How do Child Support Orders Work?

If children are involved in a divorce, financial care of a child or children is one of the most important matters to resolve. In Washington State, each parent pays a proportional share of the support of the children. That share of the estimated cost of raising the children is based on each parent’s income.

It is not uncommon to have the parent who is not raising the children in their home pay a certain amount of money to the other parent in monthly installments. The parent who is primarily raising the children in their home adds some of their own funds to cover expenses.

So how does the court decide how much each parent will pay? The estimated cost of raising children is determined using a state developed worksheet. This formula-based worksheet looks at a number of factors, including the ages and number of children involved, and the combined income of both parents.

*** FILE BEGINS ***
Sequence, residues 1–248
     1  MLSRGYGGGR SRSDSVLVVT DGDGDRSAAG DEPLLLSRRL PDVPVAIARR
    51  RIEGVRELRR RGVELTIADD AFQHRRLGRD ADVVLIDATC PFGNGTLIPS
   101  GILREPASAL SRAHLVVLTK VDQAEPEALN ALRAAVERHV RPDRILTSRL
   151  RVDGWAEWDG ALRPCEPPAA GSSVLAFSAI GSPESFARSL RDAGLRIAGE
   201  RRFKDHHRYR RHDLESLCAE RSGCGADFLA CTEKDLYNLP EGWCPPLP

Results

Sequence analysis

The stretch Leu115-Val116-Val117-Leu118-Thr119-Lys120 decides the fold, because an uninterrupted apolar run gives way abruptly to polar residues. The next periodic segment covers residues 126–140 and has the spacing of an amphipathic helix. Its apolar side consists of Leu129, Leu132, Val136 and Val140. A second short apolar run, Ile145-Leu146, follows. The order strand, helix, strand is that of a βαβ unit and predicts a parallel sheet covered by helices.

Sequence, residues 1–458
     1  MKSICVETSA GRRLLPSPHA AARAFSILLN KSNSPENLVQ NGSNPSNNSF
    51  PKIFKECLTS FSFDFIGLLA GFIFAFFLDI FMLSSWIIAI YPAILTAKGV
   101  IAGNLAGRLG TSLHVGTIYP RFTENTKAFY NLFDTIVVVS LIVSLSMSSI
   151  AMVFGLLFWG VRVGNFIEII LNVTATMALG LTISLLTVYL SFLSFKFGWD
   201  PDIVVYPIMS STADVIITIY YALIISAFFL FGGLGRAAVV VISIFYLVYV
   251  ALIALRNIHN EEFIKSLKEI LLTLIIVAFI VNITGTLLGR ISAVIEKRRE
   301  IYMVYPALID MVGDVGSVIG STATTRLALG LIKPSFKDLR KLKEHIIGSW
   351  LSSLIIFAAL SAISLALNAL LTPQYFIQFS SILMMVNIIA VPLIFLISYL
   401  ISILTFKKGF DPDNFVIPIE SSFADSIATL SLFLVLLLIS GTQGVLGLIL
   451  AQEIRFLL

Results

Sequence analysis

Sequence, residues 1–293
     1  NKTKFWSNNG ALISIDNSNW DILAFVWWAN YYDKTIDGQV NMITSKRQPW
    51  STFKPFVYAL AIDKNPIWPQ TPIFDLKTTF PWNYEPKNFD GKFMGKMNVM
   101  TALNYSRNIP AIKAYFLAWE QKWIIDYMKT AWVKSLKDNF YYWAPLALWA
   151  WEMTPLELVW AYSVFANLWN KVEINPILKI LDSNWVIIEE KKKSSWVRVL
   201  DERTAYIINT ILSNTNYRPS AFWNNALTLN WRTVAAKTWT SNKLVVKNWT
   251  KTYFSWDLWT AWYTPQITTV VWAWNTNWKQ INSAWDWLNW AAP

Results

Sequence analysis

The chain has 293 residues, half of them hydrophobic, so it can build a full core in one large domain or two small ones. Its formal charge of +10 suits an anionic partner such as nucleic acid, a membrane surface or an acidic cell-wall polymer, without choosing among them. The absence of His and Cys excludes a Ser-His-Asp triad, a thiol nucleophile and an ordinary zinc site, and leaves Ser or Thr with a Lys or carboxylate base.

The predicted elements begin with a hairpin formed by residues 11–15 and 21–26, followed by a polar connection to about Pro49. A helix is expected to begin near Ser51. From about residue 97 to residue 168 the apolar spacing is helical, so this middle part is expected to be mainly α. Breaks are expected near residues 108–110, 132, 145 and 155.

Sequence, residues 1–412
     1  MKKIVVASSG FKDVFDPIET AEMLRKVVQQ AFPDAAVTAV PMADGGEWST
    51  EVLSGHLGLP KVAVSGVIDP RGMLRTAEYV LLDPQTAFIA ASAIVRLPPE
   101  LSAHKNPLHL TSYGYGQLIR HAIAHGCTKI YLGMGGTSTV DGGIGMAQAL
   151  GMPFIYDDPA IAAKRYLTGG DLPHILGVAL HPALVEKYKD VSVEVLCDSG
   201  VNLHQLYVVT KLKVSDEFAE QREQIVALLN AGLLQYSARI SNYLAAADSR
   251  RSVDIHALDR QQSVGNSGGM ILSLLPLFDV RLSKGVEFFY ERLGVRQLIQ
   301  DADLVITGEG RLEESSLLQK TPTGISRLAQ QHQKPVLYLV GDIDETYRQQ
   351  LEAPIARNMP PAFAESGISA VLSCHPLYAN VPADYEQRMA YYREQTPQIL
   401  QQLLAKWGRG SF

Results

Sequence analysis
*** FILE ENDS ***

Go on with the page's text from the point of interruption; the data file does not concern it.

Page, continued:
Most child support is paid through the state Division of Child Support, and is usually collected by garnishing a parent’s wages. If a parent fails to pay child support, the state can get the funds by other means, including seizing bank accounts and tax refunds. If support gets too far behind, a parent can even have his or her driver’s license suspended.

If you are having trouble collecting child support, you can contact the Washington State Department of Social and Health Service’s Division of Child Support. This agency can enforce child support orders and penalties for nonpayment. You may also want to consider contacting an attorney to see what steps can be taken through private enforcement.

In addition, child support can be modified based on a substantial change in circumstances and income for either parent. There is also a statutory right to have child support adjusted every two years. Child support laws and regulations change frequently.  This makes contacting an attorney on these issues important, especially since children are involved.